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Project and programme research centres – six critical success factors

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It is almost a truism that large-scale public projects frequently fail to achieve intended objectives and deliver anticipated benefits. There have been many explanations for this persistent poor performance, from the wrong methods and insufficient data to psychological biases and poorly trained leaders.

One high-potential, but underdeveloped, gap-closing mechanism is the independent (ie able to ‘speak truth to power’) but highly engaged (ie using real data about real projects) project and programme research centre (PPRC). Globally, there are numerous organisations carrying out important project-related research, but they do so in a variety of ways. To date, there has been no attempt to profile these institutions and establish key aspects of their operating models.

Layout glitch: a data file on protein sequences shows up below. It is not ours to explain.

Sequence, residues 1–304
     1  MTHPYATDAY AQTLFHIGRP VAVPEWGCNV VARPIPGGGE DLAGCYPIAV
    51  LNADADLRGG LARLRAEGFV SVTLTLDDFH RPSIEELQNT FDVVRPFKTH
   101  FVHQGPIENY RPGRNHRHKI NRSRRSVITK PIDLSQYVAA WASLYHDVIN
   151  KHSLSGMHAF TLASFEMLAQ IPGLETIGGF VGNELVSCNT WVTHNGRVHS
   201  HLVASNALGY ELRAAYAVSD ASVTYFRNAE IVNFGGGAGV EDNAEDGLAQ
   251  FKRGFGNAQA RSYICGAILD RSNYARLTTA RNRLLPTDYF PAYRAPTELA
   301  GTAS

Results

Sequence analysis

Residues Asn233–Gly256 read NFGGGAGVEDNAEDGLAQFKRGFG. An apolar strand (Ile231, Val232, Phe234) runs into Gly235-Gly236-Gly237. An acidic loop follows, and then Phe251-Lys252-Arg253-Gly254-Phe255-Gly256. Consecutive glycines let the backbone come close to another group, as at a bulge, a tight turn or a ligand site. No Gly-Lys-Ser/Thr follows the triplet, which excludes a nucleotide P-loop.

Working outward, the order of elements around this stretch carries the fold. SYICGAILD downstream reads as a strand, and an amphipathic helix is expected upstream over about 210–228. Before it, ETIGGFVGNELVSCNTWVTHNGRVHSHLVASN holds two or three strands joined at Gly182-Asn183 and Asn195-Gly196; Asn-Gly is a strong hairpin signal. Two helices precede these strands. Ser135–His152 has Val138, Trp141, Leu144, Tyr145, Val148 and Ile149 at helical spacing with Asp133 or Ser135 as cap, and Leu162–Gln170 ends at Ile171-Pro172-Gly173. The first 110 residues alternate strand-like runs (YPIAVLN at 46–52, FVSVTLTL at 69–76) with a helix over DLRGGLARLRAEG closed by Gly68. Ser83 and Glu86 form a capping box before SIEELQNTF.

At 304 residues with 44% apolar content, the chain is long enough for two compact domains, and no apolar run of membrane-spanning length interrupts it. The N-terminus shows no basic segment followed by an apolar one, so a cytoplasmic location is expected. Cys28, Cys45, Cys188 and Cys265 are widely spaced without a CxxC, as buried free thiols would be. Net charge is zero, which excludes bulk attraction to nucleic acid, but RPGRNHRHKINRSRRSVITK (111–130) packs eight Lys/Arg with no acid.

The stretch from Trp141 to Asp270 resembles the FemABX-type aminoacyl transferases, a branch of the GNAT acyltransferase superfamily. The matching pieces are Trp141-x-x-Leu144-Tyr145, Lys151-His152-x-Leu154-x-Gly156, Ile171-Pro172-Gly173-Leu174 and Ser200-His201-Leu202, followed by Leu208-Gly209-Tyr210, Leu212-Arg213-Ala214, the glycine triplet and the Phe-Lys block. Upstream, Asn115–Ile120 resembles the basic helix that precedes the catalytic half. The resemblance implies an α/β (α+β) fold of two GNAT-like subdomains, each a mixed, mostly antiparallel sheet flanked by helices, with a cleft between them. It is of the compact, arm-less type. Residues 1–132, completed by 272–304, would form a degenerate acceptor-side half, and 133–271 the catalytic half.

We set out to change that, and our research paper, Project and programme research centres: Lessons for scholarship, policy and practice, has now been published by APM.

Our goal to find all the PPRCs we could

Diverse in their locations, affiliations, research priorities, sectoral focus, and even titles, it was challenging to develop a comprehensive audit of PPRCs. Nonetheless, we believe our list captures the majority of such institutions and, consequently, provides excellent insights into the potential range of characteristics that underpin and embody PPRCs.

To give a richer set of insights, we did a deep dive into four of the most significant PPRCs: 

  • The John Grill Institute of Project Leadership, Australia;
  • The Stanford Global Projects Center, United States;
  • The ESRC Complex Product Systems (CoPS) Innovation Centre, UK; and
  • The Concept Research Programme, Norway.

Together with our preliminary audit of their public profile, publications, etc, we carried out a range of interviews with current and former senior leadership members. These were invaluable in generating further insight into the motivations and strategic decisions that shaped the development of these leading PPRCs.

The final report identifies a range of findings but highlights the following six critical factors to determining the sustained effectiveness of a PPRC. 

  1. Collaboration